After the Senate failed Thursday to pass either of two bills that would have reopened the federal government, President Trump floated a compromise of sorts on his demand for $5.7 billion to build a barrier on the border with Mexico.
It didn’t win over the person it was intended to appeal to, House Speaker Nancy Pelosi.
“One of the ideas suggested is they open it, they pay a sort of prorated down payment for the wall which, I think, people agree that you need. You need the wall. In fact, I see a lot of the Democrats, almost all of them are breaking, saying, ‘Look, walls are good. Walls are good.'”
Trump’s remarks came as Senate Majority Leader Mitch McConnell, R-Ky., and Minority Leader Chuck Schumer, D-N.Y., huddled on Capitol Hill seeking a deal to end the longest government shutdown in U.S. history. Neither a Republican bill containing money for a wall nor a Democratic one that did not received the 60 votes needed for passage, although the Democratic bill, which attracted support from a handful of Republicans, came closer.
Hours earlier, White House press secretary Sarah Sanders said that a short-term spending bill to reopen government “would only work if there is a large down payment on the wall.”
Neither Sanders nor the president offered any details about how much money constituted a “large down payment.” In December, Trump scuttled a continuing resolution to fund the federal government through February because it didn’t have an appropriation for the wall.
When asked by reporters about Trump’s proposal for a large “prorated down payment,” Pelosi responded, “That is not a reasonable agreement.”
Trump also told White House reporters he would support a “reasonable agreement” between McConnell and Schumer, but was mum on specifics.
“If they come to a reasonable agreement, I would support it, yes,” Trump said.
Pelosi, however, made clear that she wasn’t interested in giving the president more money for a wall.
“The president just said that if they come to a reasonable agreement he would support it. I hope that that doesn’t mean some big down payment for the wall,” Pelosi said. Asked by reporters if she knew what Trump meant by a “large prorated down payment,” she said she didn’t. “I don’t know if he knows what he’s talking about,” she said. “Do you?”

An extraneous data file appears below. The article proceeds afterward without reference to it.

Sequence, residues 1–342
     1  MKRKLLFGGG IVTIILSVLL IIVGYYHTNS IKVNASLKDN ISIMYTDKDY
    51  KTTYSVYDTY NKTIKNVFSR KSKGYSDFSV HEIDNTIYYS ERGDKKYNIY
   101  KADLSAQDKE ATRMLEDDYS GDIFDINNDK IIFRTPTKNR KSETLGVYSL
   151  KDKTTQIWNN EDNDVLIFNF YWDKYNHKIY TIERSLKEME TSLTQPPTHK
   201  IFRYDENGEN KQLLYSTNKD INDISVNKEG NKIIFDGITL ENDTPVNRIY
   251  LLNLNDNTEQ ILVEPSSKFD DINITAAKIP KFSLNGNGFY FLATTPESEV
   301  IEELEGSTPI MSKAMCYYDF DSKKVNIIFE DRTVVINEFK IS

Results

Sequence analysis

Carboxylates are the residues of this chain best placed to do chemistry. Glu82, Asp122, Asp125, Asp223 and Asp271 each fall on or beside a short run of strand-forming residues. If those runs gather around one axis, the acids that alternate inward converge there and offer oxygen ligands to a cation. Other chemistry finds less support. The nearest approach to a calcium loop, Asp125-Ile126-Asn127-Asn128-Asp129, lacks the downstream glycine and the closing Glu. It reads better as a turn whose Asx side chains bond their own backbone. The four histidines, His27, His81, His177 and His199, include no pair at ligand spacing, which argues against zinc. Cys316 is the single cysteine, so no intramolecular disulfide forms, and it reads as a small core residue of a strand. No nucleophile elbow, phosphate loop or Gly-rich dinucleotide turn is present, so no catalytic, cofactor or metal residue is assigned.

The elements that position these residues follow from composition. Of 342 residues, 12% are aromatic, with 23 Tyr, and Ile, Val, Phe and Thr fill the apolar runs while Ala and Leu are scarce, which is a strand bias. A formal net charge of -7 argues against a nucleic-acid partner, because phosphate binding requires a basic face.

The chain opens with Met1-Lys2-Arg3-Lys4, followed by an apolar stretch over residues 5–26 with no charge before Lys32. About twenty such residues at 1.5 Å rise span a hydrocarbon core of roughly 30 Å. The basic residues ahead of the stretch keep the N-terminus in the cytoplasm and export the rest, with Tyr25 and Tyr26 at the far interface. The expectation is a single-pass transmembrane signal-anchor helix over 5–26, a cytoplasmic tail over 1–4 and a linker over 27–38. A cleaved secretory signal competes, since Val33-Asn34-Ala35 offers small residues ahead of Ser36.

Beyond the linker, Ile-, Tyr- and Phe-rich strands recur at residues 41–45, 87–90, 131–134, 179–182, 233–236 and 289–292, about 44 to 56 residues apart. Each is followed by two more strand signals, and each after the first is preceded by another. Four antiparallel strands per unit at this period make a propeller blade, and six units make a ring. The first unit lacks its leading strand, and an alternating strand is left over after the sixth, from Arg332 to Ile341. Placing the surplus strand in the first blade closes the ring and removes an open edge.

The president has often referred to congressional funding for border security as a “down payment” for a border wall, his signature campaign promise. The $5.7 billion he is seeking now would pay for a wall extending only a fraction of the entire 2,000-mile border, or even the 1,000 miles he has said in the past would suffice.
Much can be done with the $1.6 Billion given to building and fixing the border wall. It is just a down payment. Work will start immediately. The rest of the money will come – and remember DACA, the Democrats abandoned you (but we will not)!
— Donald J. Trump (@realDonaldTrump) March 25, 2018
Trump has also gone back and forth on the construction of the wall, variously steel slats or concrete, and how he would fulfill his campaign promise that Mexico would pay for it. The Mexican government has refused even to discuss the idea, and most recently Trump has said the funds would come indirectly from Mexico as a side effect of the new trade agreement he has negotiated to replace NAFTA. He has also claimed the $1.3 trillion omnibus spending bill he signed on March 23 included “an initial downpayment” for his wall, but Pelosi had a different take.
“Democrats won explicit language restricting border construction to the same see-through fencing that was already authorized under current law,” Pelosi said.
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